Demolition’s Ax recently spoke with WrestleZone Managing Editor Bill Pritchard to promote his virtual signing with ’80s Wrestling Con. Ax and Smash took the WWF by storm in the late ’80s, winning the WWF Tag Team Championship on three separate occasions, although the third reign was shared by all three members of Demolition.
Towards the end of the team’s run in the company, Demolition added Crush to the mix, a backstage reaction to Ax’s health issues related to an allergic reaction to shellfish. Ax explained how serious the situation was for him and why it happened, as well as commented on how he would have handled things instead of reacting so quickly.
“The whole situation developed—I don’t know if the fans are aware—but I had been going back and forth to Japan as The Masked Superstar. I probably made 40 trips anywhere from two to four weeks [long], up to eight weeks over there. I consumed a lot of shellfish and sushi, and I developed an anaphylactic reaction shellfish, iodine. Just before one of the WrestleManias, my wife and I went out and we had dinner and I had shrimp for dinner, and I had an allergic reaction and I almost died. I think Vince and the office—fortunately, we were popular—I think they didn’t know what to do and they started panicking. What they should have done was given me and Barry a month or two off, and by that time,” Ax said, “I think it was six weeks that I had been cleared by the doctor here in Emery, to resume activities. They pushed the panic button and contacted Crush and brought in a “substitute” Demolition.”
“I think that they just jumped the gun. I think that it would have settled down if—and Barry was not as affected—but a month or two off because they were running us ragged. By that time, everything would have been OK and we could have continued the run, but once everything got into swing we couldn’t keep up with it and I don’t know if we would have had another [title] run or not but I think that we could’ve continued. They heard the fans cheering for us when we were heels and they thought, ‘Well, these guys are getting cheered, we’ve got to make them babyfaces!’ No, you don’t, control the fans and control the crowd. We could’ve been coming out of the heel locker room for another year and a half but there, again, they jumped the gun. They do that quite often,” Ax said, “not only in WWE, but a lot of promoters and bookers do that. They listen to the fans and instead of guiding the fans, they think that the fans are pushing them, so that’s my take on that.”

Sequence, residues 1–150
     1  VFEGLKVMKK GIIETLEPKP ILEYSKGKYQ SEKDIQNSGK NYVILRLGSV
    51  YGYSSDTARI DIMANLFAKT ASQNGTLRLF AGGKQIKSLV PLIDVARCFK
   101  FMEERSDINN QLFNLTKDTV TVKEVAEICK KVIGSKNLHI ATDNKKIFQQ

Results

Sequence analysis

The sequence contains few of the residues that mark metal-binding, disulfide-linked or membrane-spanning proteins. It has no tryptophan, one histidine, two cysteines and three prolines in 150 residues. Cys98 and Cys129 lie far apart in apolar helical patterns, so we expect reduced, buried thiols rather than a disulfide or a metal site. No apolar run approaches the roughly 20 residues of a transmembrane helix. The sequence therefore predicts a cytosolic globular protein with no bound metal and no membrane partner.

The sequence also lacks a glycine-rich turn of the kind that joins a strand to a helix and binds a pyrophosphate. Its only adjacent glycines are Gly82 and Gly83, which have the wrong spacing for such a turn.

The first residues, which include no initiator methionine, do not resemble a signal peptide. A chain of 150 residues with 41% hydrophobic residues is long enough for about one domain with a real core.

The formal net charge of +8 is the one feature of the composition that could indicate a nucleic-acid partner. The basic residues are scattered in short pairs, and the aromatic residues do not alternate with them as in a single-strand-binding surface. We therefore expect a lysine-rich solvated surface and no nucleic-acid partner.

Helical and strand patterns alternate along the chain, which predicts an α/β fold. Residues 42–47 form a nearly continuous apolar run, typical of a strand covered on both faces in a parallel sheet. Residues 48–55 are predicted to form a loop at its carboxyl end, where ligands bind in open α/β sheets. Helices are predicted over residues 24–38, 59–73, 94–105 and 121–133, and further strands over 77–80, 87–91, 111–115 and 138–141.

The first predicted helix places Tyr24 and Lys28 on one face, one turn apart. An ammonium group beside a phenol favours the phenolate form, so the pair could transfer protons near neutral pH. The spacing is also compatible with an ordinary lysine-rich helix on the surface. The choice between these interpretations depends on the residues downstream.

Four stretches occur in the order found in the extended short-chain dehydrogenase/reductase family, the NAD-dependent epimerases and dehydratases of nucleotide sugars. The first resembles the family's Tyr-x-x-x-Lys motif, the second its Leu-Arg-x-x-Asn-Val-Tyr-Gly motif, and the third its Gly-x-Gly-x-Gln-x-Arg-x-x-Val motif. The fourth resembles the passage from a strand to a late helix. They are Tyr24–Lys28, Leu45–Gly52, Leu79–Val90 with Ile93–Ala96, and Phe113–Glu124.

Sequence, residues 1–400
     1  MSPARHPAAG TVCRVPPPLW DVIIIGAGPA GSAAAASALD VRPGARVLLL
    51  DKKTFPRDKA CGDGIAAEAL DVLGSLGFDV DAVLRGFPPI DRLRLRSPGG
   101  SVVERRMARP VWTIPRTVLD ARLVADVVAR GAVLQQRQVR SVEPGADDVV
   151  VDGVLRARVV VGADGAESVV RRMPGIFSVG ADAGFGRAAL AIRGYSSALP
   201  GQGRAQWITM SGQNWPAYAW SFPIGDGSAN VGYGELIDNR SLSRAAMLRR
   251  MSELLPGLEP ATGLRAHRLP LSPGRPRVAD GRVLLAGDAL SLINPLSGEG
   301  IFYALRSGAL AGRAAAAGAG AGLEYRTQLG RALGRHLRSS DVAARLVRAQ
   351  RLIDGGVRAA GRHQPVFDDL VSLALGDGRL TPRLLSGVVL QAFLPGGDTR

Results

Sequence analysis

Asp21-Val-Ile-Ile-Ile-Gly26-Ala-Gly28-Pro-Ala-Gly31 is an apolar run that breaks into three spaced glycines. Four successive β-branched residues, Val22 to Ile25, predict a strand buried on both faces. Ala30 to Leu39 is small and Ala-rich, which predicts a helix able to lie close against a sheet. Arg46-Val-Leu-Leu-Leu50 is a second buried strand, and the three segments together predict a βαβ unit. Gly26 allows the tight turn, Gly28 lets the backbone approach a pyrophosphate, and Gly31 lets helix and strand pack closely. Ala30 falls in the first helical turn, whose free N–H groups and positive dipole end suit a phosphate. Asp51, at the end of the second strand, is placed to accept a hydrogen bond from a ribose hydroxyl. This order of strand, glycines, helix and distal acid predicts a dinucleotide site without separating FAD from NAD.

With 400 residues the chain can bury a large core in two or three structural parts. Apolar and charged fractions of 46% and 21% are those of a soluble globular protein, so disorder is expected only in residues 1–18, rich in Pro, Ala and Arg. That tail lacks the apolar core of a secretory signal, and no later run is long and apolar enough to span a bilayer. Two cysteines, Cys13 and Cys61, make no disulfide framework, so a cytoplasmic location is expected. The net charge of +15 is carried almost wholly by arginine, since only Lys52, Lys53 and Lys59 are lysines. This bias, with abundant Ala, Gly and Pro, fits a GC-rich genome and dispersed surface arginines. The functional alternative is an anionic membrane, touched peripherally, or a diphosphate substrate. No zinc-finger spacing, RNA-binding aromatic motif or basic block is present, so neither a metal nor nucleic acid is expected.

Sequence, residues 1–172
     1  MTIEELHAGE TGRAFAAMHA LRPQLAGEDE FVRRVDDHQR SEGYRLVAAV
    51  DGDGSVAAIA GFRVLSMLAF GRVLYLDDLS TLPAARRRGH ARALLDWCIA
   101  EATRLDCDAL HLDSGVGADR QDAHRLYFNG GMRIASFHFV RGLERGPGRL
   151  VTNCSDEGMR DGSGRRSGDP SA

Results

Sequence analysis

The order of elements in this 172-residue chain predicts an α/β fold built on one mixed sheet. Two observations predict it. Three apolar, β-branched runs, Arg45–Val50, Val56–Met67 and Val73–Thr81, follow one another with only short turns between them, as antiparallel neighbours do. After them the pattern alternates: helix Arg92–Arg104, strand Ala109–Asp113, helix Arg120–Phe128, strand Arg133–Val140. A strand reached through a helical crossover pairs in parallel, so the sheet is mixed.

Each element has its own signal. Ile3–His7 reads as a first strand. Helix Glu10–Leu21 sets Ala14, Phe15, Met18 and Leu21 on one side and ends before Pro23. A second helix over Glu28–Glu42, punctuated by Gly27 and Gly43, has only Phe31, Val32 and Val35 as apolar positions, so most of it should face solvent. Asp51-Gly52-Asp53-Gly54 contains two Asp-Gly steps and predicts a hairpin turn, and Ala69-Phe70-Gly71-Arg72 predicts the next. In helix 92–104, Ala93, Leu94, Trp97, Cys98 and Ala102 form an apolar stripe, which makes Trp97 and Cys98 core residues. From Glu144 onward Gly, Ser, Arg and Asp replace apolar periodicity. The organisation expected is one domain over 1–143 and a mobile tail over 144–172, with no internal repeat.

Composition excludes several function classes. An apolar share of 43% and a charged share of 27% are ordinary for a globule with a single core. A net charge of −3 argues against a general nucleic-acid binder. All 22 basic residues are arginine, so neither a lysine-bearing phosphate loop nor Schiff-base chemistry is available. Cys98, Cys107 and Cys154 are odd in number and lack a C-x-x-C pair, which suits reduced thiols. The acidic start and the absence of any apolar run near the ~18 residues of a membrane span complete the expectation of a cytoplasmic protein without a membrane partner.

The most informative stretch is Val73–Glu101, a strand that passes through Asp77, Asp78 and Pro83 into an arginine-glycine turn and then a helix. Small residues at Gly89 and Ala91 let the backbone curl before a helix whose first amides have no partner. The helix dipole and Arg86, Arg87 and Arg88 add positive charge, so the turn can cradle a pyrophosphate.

Demolition is still fondly remembered for what they brought to the ring, and Ax talked about how the concept of a real “team” is lost on some people. There are notable exceptions, but overall Ax feels like some teams are put together without purpose and broken up later on.
“I don’t think they have teams as much as they have two individuals [working together] that are waiting for a spot and so they don’t put them on the shelf. They just put them together and lump them together and neither one of those guys really want to be in a team, they want to be an individual. For a team to be successful, you can’t be selfish and you can’t be looking out for yourself. You have to be willing to sacrifice a little bit for the team. Nowadays you get some teams that could possibly work, but for one reason or another, they break them up. Or they push this one team and break them up, push another combination, and I don’t think they have an emphasis or a desire to have a tag team division.”
Check out our full interview at the top of this post; the upcoming schedule for more ’80s Wrestling Con Virtual Signings can be viewed below:
- 12/14 – Brutus Beefcake & Greg Valentine
- 12/28 – Koko B. Ware
- 1/11 – Ted DiBiase
- 1/25 – Mike Rotunda
- 2/15 – Ron Simmons
- 2/22 – Powers of Pain
- 3/8 – Wendi Richter
- 3/22 – Bob Orton